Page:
When I entered the Gastroenterology Editorial Fellowship last year, many of my cofellows asked, “What exactly is an editorial fellowship?” After completing the program, I can now reflect on what was truly a fantastic year-long experience that complemented my final year of fellowship training.
Manuscripts certainly don’t review and accept themselves into journals, and fellowship training usually gives little insight into how manuscripts move through the submission, peer review, and production processes. What happens while authors wait for an editorial decision?
Since its first publication in 1943, Gastroenterology has importantly affected clinical care and the direction of research in our field. The quality of the American Gastroenterological Association’s flagship journal is derived from the sweat and muscle put in daily by gastroenterology-oriented and hepatology-oriented professionals who strive to transform the steady stream of cutting-edge manuscript submissions into an influential monthly publication read by a broad audience of clinicians, trainees, academic researchers, and policy makers. Without a doubt, this fellowship provided me with a sincere appreciation for the dedication that the board of editors puts into the peer review process and into maintaining the quality of monthly publications.
Near the beginning of my editorial fellowship, I spent a week at Vanderbilt University with the on-site editors. This was an irreplaceable opportunity for a trainee like myself to meet with both clinical- and research-oriented academic gastroenterologists who integrate demanding editorial roles into busy and fulfilling professional careers. Throughout my week there, I met with editors and staff who held various roles within the journal. Overall, this experience taught me about what metrics the journal uses to ensure quality, how manuscripts move from submission to publication, and how the direction and content of the journal is directed toward both AGA members and a broader readership.
At its core, the fellowship was focused on teaching the fundamental process of peer review. High-quality reviews for Gastroenterology provide consultative content and methodological expertise to editors who can then provide direction and make editorial recommendations to the authors. During my fellowship, I learned how to write a structured and nuanced review on the basis of novelty, clinical relevance and effects, and methodological rigor. I was paired with one of the associate editors on the basis of my primary content area of interest and regularly provided reviews for original article submissions. As the year progressed, I become more comfortable with reviewing beyond my immediate knowledge base. I also became more adept at providing detailed comments that would be insightful and accessible to both authors and editors.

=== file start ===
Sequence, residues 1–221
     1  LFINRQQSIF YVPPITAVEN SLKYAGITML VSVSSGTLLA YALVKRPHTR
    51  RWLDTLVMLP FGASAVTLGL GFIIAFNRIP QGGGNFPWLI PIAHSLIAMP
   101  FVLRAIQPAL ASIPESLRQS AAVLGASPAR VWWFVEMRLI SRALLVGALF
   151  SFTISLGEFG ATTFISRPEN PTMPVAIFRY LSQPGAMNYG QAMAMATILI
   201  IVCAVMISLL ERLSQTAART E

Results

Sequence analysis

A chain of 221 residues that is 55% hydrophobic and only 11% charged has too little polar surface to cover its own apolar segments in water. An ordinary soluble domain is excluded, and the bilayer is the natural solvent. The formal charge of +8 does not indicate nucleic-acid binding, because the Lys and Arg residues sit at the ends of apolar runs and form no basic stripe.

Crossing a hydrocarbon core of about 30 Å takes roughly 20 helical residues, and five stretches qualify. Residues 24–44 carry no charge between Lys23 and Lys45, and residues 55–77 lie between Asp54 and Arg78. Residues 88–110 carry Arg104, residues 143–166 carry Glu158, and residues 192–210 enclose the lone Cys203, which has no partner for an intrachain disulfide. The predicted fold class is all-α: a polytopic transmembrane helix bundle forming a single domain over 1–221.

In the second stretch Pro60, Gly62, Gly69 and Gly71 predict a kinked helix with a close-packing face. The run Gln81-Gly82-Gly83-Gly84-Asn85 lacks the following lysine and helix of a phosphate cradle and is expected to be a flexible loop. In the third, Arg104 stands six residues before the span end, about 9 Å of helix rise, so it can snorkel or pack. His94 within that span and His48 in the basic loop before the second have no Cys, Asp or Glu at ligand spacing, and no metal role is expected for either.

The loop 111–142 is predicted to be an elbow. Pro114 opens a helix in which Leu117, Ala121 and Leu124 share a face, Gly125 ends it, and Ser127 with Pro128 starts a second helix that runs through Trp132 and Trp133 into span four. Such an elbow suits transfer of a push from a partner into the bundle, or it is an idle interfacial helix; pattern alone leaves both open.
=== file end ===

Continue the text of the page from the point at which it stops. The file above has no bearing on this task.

Each week, I participated in a phone call with the board of editors, which was composed of thought leaders with content expertise in both gastroenterology and hepatology. During the call, we would thoughtfully critique some of the most cutting-edge research in our field; each manuscript often represented the culmination of years of meticulous work by research groups and multinational collaborations. From a fellow’s perspective, these calls gave me access to what may be the most insightful discussions taking place in our field, discussions which could have potential implications on future disease management principles and clinical practice guidelines. Through our meetings, it became apparent how much work goes into finding quality reviewers and how much time goes into assimilating the resulting recommendations into a cohesive discussion. This was an opportunity to learn how associate editors walk the entire board through a manuscript: from a basis of current knowledge and practice, through the conduct and findings of a particular study, and ultimately, to how study findings might affect the field.
What I came away with the most from the Gastroenterology Editorial Fellowship was an appreciation for the importance of the editorial and peer review process in maintaining the integrity and detail needed in high-quality research. Ultimately, this fellowship gave me a meaningful and immediate way to give back to the field that I can continue over the course of my professional career. I am certain that this unique program will continue to give future editorial fellows the skills and motivation they need to become actively involved in the editorial and peer review processes when they are beginning their independent careers.
Dr. Shah, MD, MBA, is an assistant professor; he is also the director of the Center for Gastrointestinal Motility in the division of gastroenterology in the department of internal medicine at Dartmouth-Hitchcock Medical Center, Lebanon, N.H.